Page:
Sri Lanka’s freedom on the net has also declined since the Aragalaya. Freedom on the net index by Freedom House was 51 out of 100 in 2021 to 48 out of 100 in 2022. On April 3, 2022, with pressure from the defense ministry, the Telecommunications Regulatory Commission ordered internet service providers in the country to block all social media platforms in an attempt to stop people from organizing protests against the government. Social media platforms including Facebook, YouTube, Twitter and messaging channels WhatsApp and Telegram were blocked for 16 hours. In March 2022 a TV presenter, Parami Nileptha Ranasinghe who worked for the national TV Rupavahini, was banned from reporting and entering television channel’s premises because of her Facebook post criticizing the government. On April 1, 2022 plain clothes police arrested Anuruddha Bandara who is a social media activist and administrator of the Go Home Gota page on Facebook and charged him under 120 of the penal code – “Excite or attempt to excite disaffection towards the State”.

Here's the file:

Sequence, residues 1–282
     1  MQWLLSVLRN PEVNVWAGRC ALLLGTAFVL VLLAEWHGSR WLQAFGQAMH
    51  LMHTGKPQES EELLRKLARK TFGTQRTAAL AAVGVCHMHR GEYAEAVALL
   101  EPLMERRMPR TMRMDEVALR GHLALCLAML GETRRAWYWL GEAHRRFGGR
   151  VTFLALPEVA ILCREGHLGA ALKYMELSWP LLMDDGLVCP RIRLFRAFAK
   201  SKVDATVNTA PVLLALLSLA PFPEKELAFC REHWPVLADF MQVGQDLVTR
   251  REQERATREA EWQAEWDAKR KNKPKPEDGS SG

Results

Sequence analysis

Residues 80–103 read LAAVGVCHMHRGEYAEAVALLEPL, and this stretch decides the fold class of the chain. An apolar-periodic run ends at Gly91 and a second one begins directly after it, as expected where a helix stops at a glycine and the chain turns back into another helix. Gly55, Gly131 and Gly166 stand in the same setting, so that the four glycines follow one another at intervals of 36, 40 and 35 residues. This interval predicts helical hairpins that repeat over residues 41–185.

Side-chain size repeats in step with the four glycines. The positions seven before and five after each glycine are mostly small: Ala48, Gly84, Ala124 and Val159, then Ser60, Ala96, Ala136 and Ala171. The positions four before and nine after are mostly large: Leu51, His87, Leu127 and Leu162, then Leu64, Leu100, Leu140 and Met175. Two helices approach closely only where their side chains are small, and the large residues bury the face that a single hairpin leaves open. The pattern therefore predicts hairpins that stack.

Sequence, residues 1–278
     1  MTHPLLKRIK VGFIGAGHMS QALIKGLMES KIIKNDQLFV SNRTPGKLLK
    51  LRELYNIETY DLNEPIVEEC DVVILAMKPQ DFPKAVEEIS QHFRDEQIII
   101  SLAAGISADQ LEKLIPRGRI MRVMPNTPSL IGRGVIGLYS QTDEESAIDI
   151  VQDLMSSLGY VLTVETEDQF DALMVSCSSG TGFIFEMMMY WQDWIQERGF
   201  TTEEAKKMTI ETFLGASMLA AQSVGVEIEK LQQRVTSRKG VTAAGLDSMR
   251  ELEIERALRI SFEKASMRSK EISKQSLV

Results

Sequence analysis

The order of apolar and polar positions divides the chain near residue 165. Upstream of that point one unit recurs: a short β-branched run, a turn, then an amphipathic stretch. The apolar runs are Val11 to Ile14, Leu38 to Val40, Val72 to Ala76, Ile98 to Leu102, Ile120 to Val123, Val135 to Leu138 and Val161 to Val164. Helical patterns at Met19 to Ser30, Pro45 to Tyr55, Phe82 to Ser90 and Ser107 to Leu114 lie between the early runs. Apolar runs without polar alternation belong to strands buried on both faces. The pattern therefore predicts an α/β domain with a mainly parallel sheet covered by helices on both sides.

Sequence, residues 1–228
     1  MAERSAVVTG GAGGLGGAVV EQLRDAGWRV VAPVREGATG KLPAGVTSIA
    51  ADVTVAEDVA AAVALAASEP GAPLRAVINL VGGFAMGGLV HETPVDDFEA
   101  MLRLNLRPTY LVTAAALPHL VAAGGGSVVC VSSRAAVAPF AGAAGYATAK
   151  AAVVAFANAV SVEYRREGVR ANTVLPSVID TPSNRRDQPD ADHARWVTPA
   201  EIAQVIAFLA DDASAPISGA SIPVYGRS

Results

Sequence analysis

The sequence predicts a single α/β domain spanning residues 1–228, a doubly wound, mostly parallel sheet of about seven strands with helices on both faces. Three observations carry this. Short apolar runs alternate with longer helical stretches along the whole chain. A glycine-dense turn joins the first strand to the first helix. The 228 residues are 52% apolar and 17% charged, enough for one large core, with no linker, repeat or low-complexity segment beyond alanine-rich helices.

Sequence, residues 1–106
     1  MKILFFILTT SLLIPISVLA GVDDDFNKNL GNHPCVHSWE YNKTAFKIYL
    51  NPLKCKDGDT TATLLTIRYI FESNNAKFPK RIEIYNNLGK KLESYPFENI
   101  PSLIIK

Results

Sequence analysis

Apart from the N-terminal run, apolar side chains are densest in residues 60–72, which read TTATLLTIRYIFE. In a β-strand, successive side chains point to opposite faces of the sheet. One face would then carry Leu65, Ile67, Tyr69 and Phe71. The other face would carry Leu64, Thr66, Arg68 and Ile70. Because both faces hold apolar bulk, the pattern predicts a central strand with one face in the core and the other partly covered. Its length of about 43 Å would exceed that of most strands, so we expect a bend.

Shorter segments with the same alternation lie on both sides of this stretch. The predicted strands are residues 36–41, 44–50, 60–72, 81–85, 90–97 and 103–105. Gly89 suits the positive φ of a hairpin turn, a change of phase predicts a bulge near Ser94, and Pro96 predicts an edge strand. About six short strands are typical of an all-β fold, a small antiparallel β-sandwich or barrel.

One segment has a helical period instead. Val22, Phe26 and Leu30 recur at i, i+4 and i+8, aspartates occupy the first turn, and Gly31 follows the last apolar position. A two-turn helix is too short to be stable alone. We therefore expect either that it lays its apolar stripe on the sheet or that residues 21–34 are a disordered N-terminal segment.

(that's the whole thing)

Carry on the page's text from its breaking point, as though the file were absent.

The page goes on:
Both Myanmar and Sri Lanka share a similar history, culture and politics. They have been led by regimes who have oppressed freedom of expression. It is this freedom, this fundamental human right, that is one of the highest costs citizens must pay when living under a suppressive state who should be respecting, protecting and promoting their rights and freedoms. However, that should not stop people from fighting for their rights and for the rights of people whose voices are being silenced systematically by the state’s institutions. When that fight is conceded, when people cease to stand up for the most marginalized, then the battle against authoritarianism is lost.